You can’t take the Brooklyn out of the girl. (I know that “The Bronx” would have worked a lot better in this borrowing but I am not from there.)

Now I ask you, what does the sign, spotted on the Belt Parkway, mean? Does it mean you are leaving Brooklyn so you can just forget it? Or, my interpretation, you are never really leaving Brooklyn behind. To put it another way, “Fuhgeddaboudit? Fuhgeddaboudit!”

 

From Earth to Moon and Back

Source: NASA

Here’s to all the unsung engineers who made the Apollo 11 moon landing possible. I say this with particular pride because my husband was one of them. A systems engineer for a NASA sub-contractor, he was a card-carrying member of the IEE (from his early days in the UK) and IEEE (US). His expertise was in military/aerospace radar in applications such as tracking and guidance. This technology was used to land the lunar module, dock it back with the command module after the moon landing, and return the spaceship to Earth. (For more details, go to the link at the bottom of this post.)

My husband with a rooftop microwave dish, Ilford, Essex, England (c.1947)
Early wireless communication for the Apollo mission (RCA)

Below is a link to a press release. Read all about space radar, wireless lunar radios, HD-to-TV signals, digital rocket launch technology, and other precursors to the tiny cellular computers we now carry around every day.

https://cdn2.hubspot.net/hubfs/413105/Apollo%20Press%20Kits/RCA%20Defense%20Electronic%20Products.pdf

 

My Father the Tailor

Above is quite an old photo of my father, Harry Silberman, who was a tailor from Romania.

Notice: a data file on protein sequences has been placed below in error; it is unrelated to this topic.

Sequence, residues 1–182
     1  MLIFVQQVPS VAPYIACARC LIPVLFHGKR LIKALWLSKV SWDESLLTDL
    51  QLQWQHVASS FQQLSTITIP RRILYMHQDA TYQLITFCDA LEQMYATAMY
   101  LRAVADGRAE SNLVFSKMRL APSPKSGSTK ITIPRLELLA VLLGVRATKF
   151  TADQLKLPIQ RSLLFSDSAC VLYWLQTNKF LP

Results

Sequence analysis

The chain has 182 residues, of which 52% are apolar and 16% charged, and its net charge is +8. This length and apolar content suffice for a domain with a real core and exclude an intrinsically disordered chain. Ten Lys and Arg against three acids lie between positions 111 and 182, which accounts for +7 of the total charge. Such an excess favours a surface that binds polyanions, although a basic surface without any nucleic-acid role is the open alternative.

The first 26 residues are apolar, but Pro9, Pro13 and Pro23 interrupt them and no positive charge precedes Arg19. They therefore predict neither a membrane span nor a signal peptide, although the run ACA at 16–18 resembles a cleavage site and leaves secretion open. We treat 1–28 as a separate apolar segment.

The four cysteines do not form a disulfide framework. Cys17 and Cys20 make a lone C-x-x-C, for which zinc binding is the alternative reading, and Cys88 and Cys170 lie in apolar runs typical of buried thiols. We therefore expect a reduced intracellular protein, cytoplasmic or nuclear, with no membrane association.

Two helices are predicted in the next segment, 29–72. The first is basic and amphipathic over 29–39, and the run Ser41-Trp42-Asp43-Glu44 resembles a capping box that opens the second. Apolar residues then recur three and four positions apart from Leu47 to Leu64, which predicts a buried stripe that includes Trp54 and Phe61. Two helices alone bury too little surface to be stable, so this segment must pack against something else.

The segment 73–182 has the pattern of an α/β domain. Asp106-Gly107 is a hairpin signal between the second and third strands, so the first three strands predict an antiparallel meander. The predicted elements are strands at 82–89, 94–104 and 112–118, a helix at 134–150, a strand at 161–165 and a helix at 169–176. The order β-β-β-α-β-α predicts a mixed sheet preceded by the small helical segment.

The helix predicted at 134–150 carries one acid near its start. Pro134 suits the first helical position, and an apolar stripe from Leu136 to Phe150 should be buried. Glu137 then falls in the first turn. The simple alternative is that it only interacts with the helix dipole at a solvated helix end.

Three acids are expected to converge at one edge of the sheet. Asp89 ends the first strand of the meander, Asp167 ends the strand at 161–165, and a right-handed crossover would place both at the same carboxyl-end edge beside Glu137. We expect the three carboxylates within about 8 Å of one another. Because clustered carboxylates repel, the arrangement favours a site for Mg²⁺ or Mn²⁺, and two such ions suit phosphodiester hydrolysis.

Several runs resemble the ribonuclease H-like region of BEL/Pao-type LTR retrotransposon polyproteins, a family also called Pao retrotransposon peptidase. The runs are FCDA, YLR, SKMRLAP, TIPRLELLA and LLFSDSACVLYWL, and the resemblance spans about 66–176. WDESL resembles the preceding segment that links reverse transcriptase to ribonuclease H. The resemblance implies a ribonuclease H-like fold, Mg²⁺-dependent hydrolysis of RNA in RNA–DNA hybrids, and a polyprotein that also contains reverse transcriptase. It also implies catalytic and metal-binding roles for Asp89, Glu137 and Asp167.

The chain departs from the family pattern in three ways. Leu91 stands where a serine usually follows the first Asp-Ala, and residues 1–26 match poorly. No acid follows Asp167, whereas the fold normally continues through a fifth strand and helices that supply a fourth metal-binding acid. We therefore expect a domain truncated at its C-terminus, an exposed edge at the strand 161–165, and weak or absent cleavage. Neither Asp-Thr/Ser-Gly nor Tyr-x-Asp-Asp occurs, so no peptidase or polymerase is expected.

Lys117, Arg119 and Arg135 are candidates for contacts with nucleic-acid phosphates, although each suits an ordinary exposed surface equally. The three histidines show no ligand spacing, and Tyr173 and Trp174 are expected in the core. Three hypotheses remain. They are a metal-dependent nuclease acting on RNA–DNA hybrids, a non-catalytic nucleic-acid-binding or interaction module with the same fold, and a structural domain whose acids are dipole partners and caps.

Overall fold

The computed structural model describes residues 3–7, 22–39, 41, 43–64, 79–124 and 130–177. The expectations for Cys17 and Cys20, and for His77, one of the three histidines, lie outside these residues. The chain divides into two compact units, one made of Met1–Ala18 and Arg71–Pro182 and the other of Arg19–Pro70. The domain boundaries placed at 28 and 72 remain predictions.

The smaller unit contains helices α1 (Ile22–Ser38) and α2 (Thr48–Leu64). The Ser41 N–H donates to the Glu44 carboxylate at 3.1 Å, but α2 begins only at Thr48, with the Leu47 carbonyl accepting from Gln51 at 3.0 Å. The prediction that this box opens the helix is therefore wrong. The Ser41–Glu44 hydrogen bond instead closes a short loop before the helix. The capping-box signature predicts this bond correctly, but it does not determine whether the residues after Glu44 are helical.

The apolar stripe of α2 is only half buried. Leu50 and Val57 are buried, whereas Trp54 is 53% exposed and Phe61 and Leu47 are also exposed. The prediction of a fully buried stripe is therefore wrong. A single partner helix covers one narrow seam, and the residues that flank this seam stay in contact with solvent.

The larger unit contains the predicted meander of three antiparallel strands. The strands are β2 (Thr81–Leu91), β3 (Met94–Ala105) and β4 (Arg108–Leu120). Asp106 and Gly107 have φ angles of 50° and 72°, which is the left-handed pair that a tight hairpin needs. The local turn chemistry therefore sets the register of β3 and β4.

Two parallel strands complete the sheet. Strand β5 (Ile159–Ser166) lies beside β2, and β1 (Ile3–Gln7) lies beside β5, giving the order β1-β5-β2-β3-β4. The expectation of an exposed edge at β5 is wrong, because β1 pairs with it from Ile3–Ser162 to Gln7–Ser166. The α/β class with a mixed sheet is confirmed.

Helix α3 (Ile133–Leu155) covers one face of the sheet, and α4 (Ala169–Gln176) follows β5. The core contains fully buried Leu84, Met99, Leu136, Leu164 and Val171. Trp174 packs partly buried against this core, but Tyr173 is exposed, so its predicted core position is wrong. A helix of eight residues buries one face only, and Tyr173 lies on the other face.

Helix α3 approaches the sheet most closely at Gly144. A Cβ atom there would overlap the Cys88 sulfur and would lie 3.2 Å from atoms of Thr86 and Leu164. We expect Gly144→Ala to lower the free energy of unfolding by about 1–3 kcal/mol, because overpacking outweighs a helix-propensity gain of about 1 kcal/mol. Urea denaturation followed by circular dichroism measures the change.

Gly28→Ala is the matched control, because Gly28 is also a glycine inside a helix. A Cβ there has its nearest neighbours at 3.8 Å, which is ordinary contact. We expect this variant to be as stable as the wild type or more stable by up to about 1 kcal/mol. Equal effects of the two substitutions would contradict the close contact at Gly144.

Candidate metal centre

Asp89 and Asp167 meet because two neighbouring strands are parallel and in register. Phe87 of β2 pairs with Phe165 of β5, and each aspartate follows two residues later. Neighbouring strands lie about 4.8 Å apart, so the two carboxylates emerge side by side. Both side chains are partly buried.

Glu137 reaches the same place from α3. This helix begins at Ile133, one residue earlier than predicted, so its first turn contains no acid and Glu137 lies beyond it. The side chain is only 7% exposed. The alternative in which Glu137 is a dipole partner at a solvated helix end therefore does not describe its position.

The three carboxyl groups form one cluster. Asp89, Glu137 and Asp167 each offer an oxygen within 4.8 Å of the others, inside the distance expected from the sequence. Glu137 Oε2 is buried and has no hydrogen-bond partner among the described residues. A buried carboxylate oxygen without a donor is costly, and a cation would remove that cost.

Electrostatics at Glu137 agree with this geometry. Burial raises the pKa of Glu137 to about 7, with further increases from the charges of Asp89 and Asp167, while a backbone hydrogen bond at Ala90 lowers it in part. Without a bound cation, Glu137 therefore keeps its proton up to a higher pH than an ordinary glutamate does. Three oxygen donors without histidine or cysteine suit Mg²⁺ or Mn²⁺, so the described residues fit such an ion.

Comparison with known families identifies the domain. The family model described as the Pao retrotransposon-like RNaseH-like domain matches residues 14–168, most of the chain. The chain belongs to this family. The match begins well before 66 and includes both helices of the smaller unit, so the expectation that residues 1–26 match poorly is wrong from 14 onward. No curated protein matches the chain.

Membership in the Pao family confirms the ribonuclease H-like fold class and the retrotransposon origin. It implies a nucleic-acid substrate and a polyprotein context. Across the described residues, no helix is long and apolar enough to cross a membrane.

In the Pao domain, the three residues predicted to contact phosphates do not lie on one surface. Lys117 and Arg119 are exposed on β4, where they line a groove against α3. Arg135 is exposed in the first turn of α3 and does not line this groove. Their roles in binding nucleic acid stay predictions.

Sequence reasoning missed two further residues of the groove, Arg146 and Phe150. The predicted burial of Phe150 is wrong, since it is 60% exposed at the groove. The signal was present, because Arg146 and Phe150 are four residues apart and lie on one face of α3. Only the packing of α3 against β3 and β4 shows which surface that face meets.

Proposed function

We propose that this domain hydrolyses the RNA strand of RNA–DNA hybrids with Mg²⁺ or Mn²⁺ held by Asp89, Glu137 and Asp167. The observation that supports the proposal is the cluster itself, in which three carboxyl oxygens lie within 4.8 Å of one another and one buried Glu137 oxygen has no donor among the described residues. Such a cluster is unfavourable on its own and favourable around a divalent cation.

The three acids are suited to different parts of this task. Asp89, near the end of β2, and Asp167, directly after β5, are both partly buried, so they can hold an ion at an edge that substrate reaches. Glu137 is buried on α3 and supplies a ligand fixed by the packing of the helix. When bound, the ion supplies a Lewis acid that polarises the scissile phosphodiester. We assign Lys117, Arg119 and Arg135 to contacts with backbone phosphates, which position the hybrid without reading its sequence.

The photo above shows Poppa (left) with one of his first bosses when he worked as a tailor in a factory loft in Brooklyn. Poppa later opened his own shop and dry cleaners in Bay Ridge.

But few people wear bespoke clothing anymore. Most people, well…

Lox vs Nova

Lox isn’t lox and nova isn’t nova.

When people say lox, they really mean nova (“Nova Scotia” salmon) even though it isn’t always from Nova Scotia like it used to be.

Anymore, delis and food stores don’t seem to have actual lox. So we use the term loosely and everybody is really talking about and eating only nova these days. But years ago, you could get lox or nova and you had to specify which you wanted. Even some real delis today still offer both. So it is still worth knowing the difference.

A cautionary note: Lox is extremely, almost inedibly salty. It is an acquired taste and that is why most people understandably eat only nova and why the word lox has changed in connotation to refer to the type of smoked salmon that people actually eat.

Instead of trying to explain the difference, let me link to an expert in this helpful story from Bon Appetit :

https://www.bonappetit.com/test-kitchen/ingredients/article/deli-salmon-explained

 

 

The Moonlight Flit

Two of our tenants, a mother and daughter, moved to 82nd or 83rd Street from our building on 69th Street. This was in Bay Ridge, Brooklyn during the 1930s. (They did what my husband would call the moonlight flit.) So who does my father send to collect the rent they owed? My mother and me—the two “helds” (heroes). As as we approached their building I saw the mother looking out the window. I saw her and she saw us. They didn’t answer the door. Needless to say we did not get the rent.